1. Which is the correct statement in the following?
• The line segment has one and only end point
• Three points are said to be collinear if they lie on the same line
• Two lines are coincident if they have one point in common
• The ray AB is same as the ray BA

Answer: Two lines are said to be collinear if they lie on the same line

1. Two angles of triangles are 65 degree and 45 degree respectively. Find the third angles.

1. Using the Heron’s formula find the area of the triangle whose sides are 3cm, 4cm and 10 cm.

• Coordinate Geometry:

This is a chapter which deals how to plot a point in a plane when its coordinates are given. The Cartesian plane is a plane with a rectangular coordinate system that associates each point in the plane with a pair of numbers.

The two numbers are called as x-coordinate which measures the distance of the point from y-axis and y coordinate which measures the distance of the point from the x-axis. This chapter is covered only during the term 1 of CBSE Class 9 Mathematics.

Examples:

1. The point (0,-5) lies on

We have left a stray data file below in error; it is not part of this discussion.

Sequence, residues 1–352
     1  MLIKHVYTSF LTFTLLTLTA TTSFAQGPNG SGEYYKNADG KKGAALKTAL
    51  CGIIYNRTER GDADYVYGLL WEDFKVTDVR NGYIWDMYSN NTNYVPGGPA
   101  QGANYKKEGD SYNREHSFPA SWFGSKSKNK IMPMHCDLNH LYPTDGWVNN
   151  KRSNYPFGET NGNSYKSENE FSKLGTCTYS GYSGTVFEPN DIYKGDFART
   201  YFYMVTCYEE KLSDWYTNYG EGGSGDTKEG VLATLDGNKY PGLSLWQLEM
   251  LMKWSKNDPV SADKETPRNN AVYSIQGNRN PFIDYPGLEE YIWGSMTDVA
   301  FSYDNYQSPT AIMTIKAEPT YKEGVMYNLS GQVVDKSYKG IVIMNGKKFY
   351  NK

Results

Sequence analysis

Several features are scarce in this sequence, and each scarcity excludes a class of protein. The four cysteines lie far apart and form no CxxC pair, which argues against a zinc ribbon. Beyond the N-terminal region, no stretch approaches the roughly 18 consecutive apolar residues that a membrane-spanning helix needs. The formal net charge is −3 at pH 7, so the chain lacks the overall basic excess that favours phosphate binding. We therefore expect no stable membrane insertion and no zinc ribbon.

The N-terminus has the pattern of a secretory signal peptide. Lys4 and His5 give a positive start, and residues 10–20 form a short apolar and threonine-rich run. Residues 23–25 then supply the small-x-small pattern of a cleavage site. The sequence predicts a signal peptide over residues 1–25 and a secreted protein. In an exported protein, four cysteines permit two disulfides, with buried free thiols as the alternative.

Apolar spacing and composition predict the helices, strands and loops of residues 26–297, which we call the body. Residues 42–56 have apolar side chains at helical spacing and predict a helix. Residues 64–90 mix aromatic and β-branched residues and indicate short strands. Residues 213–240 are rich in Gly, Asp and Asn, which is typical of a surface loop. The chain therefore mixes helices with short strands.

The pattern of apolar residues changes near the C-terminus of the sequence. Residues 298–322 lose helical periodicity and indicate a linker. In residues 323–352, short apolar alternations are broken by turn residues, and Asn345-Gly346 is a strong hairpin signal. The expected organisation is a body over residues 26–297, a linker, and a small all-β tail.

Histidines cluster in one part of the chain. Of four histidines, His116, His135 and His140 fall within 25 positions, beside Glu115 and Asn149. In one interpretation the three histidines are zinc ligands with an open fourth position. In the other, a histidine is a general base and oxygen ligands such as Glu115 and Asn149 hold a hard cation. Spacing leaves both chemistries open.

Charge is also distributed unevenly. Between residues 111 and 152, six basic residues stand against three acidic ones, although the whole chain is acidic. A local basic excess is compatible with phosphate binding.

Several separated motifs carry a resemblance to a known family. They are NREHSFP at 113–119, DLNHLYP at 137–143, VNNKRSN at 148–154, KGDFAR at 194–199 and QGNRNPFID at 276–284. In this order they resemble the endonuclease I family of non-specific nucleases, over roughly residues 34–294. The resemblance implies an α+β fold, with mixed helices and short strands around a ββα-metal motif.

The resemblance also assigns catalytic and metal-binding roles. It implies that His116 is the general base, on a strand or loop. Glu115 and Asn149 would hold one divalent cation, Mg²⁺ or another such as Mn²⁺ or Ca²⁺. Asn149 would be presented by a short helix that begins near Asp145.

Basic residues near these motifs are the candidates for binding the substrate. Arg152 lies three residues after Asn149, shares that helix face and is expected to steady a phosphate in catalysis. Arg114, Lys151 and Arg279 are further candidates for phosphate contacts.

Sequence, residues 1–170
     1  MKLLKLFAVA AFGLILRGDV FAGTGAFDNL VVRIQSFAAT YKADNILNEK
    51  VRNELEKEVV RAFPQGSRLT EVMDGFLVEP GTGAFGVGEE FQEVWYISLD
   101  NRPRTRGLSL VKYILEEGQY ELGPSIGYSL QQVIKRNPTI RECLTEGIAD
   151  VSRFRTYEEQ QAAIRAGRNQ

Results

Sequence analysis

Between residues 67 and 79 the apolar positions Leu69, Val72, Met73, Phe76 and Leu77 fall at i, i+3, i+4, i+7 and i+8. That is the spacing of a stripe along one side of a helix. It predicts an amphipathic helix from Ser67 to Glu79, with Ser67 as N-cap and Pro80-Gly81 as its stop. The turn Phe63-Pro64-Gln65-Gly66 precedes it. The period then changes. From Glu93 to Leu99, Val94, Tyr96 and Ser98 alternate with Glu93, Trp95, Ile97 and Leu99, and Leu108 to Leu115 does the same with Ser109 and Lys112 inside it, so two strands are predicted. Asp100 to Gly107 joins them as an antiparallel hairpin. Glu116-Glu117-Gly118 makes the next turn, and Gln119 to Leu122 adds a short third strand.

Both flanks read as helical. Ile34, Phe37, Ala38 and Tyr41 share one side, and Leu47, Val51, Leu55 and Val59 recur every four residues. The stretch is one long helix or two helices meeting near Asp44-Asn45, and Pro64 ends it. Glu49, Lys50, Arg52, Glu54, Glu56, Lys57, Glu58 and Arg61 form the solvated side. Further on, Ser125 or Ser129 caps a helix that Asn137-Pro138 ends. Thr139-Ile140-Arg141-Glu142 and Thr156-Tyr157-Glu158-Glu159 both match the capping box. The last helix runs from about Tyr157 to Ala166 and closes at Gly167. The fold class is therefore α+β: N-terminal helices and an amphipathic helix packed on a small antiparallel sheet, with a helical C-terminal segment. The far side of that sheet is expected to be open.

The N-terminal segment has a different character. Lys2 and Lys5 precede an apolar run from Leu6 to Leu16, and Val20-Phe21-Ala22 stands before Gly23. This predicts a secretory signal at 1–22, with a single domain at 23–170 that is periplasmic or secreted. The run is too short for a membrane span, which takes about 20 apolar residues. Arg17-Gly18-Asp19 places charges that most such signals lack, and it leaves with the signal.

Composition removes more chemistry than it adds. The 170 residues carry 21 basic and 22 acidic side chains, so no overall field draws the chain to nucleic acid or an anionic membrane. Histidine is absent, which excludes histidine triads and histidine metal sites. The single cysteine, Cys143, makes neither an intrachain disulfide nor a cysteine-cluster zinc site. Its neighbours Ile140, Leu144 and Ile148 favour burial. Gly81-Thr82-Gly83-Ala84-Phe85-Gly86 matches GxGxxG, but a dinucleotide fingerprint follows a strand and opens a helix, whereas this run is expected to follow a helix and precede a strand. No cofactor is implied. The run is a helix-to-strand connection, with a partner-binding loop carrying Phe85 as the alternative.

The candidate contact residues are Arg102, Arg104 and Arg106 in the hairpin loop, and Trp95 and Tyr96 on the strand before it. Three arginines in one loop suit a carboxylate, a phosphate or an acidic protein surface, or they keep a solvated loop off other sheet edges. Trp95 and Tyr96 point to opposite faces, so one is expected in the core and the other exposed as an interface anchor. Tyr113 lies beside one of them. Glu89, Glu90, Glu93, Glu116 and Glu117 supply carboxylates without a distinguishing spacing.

1. The distance of the point from the (3,0) from the x-axis

1. Which of the following points belongs to x-axis?
• (2,0)
• (3,3)
• (0,1)
• (-2,0)

Answer: (2,0) and (-2,0) belongs to x-axis

• Mensuration:

This includes topics such as Area of triangle using Heron’s formula, Area of quadrilateral and its application and so on. This chapter is covered during the term 1 and term 2 of CBSE Class 9 Mathematics.

Examples:

1. Find the area of Equilateral triangle whose side is 12 cm

1. The perimeter of a Rhombus ABCD is 80 cm. Find the area of the Rhombus if its diagonal BD measures 12 cm.

1. Find the area of isosceles Triangle whose equal sides is 6cm, 6cm and 8 cm.

• Algebra: